Windows Phone 7

PROS: Innovative and usable new UI; powerful hardware; excellent cloud services connections
CONS: No cut and paste and third-party multitasking yet; only partial EAS policy support
RATING: Four out of five stars
RECOMMENDATION: Windows Phone 7 is a game changer, for both Microsoft and the broader smart phone industry. Though new to the smart phone market, it’s already the most user-centric system out there, putting the iPhone, in particular, to shame. Windows Phone isn’t perfect: It’s missing obvious features like copy and paste and multitasking for third party apps, though Microsoft says it will be adding those in 2011, for free. It’s also only partially compatible with Exchange ActiveSync (EAS) policies, meaning that the tired Windows Mobile system will be kicking around for another year or so until Microsoft fixes that as well. No matter: Windows Phone 7 offers an innovative UI that users are going to love and deep integration with consumer-oriented online services. This is a great start, and already a thoroughly capable alternative to the now dated iPhone and Android hegemony. It’s time to move on to the next generation, people: Windows Phone is it.
CONTACT: Microsoft
DISCUSSION:
SuperSite for Windows: Mobile


Office 365 Beta for Small Businesses

PROS: Lower pricing and less restrictive than BPOS
CONS: Still more expensive than Google Apps Premium; no client version of Office included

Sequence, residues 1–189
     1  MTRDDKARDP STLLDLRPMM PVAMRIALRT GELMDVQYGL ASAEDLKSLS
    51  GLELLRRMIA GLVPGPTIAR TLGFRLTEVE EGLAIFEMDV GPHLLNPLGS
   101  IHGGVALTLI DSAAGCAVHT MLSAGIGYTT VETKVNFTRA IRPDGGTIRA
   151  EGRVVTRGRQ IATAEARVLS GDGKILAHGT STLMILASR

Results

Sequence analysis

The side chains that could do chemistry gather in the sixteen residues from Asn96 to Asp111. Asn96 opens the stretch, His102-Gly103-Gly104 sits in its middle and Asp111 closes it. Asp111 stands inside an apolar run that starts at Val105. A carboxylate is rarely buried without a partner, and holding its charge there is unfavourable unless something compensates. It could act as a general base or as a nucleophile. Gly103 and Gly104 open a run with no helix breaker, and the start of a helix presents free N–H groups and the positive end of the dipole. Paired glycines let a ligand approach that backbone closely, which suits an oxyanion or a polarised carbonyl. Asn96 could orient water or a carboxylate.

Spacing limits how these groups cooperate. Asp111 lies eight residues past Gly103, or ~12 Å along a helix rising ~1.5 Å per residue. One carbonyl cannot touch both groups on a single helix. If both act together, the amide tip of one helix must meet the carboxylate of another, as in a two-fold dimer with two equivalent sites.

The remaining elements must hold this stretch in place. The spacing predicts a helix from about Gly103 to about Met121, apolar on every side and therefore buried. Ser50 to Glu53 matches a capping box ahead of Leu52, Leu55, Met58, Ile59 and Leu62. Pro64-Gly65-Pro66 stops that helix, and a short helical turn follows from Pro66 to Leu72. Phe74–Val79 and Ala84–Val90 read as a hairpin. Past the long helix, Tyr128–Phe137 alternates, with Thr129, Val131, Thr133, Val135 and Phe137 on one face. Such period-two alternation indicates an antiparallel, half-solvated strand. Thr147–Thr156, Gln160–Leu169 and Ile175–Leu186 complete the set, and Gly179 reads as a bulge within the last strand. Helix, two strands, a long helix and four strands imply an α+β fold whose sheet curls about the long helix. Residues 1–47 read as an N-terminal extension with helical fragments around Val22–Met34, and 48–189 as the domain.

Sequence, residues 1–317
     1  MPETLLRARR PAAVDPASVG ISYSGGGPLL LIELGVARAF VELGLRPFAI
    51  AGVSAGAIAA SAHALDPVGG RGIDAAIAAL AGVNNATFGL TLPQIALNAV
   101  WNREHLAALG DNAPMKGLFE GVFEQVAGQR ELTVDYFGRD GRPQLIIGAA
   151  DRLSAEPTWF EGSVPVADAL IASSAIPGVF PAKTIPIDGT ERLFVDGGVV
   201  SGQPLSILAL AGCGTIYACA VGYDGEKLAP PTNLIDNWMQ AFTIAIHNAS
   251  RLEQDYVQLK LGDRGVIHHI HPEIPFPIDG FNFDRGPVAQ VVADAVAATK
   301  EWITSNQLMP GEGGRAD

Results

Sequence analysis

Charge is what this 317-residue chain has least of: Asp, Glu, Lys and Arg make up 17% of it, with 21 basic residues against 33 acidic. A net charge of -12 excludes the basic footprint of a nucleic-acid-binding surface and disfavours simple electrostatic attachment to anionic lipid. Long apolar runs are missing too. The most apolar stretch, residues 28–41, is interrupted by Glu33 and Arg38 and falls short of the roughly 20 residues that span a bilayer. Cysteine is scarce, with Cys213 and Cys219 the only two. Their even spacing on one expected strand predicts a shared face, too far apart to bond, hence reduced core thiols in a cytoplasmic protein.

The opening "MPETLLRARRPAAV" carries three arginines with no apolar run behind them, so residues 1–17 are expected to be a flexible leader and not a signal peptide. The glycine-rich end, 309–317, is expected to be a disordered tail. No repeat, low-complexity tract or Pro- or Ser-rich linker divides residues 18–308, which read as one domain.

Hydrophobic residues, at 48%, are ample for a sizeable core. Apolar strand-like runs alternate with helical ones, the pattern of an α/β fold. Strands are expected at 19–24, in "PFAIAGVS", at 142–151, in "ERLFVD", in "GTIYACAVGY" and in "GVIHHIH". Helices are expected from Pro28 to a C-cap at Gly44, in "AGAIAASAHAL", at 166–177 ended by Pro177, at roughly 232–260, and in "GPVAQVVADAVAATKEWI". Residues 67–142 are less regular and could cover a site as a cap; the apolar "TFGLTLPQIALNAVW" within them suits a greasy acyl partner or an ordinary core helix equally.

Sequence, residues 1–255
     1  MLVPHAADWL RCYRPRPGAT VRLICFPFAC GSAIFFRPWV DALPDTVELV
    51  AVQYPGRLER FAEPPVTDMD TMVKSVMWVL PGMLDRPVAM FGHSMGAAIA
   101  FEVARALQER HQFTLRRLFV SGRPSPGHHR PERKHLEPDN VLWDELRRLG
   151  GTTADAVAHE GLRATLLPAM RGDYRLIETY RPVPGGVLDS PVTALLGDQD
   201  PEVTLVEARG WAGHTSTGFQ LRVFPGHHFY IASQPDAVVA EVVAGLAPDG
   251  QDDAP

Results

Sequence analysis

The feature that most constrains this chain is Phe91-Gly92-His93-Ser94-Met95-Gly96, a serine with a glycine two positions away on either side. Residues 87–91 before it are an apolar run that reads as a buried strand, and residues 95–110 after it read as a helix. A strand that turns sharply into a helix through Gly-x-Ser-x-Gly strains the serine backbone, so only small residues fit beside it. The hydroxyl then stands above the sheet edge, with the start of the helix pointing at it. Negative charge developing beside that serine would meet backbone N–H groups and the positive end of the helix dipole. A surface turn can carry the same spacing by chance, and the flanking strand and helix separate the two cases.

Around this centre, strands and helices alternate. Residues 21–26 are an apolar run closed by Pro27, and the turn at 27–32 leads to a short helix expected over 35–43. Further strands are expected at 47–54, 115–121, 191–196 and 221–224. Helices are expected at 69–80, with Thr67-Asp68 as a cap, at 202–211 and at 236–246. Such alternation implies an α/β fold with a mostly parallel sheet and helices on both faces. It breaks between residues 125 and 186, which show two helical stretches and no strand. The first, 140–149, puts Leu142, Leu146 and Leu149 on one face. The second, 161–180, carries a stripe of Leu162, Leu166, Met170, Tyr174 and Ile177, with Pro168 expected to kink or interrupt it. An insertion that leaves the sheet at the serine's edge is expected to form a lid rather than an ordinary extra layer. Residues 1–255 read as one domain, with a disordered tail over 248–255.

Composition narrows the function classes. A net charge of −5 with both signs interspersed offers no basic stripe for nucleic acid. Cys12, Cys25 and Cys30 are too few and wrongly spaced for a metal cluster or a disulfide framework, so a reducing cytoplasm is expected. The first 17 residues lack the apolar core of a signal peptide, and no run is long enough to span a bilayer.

RATING: Four out of five stars
RECOMMENDATION: Microsoft's office productivity solutions have always been excellent, but although the company had previously made some strong moves to the cloud with offerings like Office Live Small Business and hosted Exchange and SharePoint in the Business Productivity Online Suite (BPOS), these products—especially BPOS—were priced well out of the reach of most small businesses. Meanwhile, Google offers free and inexpensive ($50 per user per year) versions of its Apps suite, an obvious alternative for budget-strapped businesses. So with Office 365, Microsoft finally get it right, both from a pricing perspective—the small business version is $72 per user per year—and from a branding perspective: Now, rather than a confusing mix of disparate brands, all of the company's online productivity tools are branded as Office 365. All that's missing is the full client Office suite, though larger businesses can get that in the more expensive and capable Office 365 for Enterprise.
CONTACT: Microsoft
DISCUSSION:
SuperSite for Windows: Office 365